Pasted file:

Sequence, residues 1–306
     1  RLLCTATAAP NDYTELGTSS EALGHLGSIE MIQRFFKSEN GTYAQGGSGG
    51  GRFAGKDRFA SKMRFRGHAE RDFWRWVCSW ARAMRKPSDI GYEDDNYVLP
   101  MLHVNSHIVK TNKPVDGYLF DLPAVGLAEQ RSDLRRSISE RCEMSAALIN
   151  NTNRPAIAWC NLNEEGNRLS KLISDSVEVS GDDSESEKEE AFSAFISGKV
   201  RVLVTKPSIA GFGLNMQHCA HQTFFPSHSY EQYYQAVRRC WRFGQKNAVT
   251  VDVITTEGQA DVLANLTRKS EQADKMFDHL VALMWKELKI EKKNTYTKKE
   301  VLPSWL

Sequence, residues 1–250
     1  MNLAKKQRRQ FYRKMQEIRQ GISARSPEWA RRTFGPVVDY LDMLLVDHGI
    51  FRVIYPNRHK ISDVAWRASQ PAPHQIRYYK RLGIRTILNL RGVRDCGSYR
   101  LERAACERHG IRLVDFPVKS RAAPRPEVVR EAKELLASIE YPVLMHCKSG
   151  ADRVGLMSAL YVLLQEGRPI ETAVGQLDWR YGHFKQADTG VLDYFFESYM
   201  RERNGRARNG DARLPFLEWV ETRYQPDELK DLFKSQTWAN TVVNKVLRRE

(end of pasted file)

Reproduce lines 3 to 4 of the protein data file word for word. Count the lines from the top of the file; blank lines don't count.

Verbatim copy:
    51  GRFAGKDRFA SKMRFRGHAE RDFWRWVCSW ARAMRKPSDI GYEDDNYVLP
   101  MLHVNSHIVK TNKPVDGYLF DLPAVGLAEQ RSDLRRSISE RCEMSAALIN